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The thunderstorm cloud top height reaches up to ~12–13 km as inferred from lidar measurements on board the CALIPSO spacecraft

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posted on 13.08.2013 by Martin Füllekrug, Ferruccio Zanotti, William Rison, Michel Parrot, Alec Bennett, József Bór, Thomas Farges, Ondrej Santolik, Ivana Kolmasova, Enrico Arnone

Figure 5. The thunderstorm cloud top height reaches up to ~12–13 km as inferred from lidar measurements on board the CALIPSO spacecraft. Above the maximum cloud top height, an ensemble of stratospheric ice particles occurs at ~13–14 km around the tropopause as inferred from temperature measurements during a preceding radiosonde ascent (inset figure). The mixed phase region of the thundercloud is found at ~6–7 km height where ice and water coexist. The convective storm might have entrained dust which is confined to a layer from the ground up to ~5–6 km.

Abstract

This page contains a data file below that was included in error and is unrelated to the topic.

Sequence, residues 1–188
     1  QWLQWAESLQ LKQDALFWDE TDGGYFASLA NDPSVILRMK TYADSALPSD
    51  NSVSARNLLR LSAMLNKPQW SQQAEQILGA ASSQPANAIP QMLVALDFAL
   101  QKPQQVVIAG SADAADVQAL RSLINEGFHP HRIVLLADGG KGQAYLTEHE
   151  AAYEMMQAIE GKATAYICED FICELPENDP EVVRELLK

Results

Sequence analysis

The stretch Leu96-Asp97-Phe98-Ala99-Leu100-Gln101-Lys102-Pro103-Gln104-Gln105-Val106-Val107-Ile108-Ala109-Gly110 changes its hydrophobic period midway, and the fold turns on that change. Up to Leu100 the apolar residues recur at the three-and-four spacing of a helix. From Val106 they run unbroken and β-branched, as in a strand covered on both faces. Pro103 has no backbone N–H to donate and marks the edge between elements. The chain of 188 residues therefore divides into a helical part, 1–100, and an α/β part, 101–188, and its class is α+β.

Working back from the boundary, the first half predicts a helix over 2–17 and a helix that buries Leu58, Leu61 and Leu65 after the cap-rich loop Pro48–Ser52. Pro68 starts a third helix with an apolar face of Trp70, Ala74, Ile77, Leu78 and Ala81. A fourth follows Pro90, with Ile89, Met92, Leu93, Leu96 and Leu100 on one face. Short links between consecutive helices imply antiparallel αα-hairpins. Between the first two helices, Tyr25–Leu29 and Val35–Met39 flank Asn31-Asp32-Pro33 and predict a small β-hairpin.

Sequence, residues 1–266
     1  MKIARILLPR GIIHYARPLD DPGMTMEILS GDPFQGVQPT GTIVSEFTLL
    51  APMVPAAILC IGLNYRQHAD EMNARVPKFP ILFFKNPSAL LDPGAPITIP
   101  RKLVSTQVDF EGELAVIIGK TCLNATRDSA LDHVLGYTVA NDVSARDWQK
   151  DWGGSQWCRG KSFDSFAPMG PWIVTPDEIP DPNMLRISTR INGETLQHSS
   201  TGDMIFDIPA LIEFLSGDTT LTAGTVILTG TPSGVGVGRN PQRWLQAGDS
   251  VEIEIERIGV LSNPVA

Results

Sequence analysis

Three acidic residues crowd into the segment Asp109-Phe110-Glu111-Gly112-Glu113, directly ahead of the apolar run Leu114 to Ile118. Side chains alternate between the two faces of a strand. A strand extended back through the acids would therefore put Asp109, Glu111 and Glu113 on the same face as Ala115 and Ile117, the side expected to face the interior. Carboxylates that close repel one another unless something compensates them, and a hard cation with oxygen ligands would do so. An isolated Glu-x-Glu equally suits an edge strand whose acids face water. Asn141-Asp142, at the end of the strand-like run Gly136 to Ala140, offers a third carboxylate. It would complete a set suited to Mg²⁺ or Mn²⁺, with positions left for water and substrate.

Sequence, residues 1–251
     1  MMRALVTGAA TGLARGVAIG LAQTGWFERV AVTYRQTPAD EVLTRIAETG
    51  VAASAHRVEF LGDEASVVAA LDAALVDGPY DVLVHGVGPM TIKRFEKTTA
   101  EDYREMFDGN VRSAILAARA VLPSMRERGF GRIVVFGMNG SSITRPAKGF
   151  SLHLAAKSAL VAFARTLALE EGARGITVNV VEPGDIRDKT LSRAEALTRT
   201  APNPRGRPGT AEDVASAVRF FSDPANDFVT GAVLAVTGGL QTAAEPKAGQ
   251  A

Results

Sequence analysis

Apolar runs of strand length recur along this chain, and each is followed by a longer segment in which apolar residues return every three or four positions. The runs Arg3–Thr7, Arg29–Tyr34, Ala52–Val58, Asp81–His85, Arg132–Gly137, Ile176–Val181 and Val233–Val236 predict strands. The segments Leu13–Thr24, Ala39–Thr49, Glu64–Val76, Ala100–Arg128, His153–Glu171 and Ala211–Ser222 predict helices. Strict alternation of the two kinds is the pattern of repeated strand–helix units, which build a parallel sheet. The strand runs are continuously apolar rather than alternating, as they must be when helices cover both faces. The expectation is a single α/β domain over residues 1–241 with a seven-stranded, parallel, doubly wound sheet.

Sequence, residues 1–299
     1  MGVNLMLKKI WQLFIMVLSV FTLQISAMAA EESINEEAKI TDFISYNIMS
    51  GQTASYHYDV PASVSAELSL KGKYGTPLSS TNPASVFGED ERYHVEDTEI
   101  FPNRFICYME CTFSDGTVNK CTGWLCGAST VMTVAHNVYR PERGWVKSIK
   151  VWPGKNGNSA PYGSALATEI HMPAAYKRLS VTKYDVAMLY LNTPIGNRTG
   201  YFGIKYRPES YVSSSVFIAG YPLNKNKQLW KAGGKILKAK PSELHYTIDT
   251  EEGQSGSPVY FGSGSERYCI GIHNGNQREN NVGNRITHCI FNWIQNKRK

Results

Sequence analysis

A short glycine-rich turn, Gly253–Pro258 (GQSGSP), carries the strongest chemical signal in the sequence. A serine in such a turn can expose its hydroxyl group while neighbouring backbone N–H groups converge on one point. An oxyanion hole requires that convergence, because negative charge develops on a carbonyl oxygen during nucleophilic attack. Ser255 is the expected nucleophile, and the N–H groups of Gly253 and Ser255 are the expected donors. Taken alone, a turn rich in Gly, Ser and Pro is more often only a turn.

The acceleration of electrons results in observable electromagnetic waves which can be used for remote sensing. Here, we make use of ~4 Hz–66 MHz radio waves emitted by two consecutive intense positive lightning discharges to investigate their impact on the atmosphere above a thundercloud. It is found that the first positive lightning discharge initiates a sprite where electrons are accelerated during the exponential growth and branching of the sprite streamers. This preconditioned plasma above the thundercloud is subsequently exposed to a second positive lightning discharge associated with a bouncing-wave discharge. This discharge process causes a re-brightening of the existing sprite streamers above the thundercloud and initiates a subsequent relativistic electron beam.

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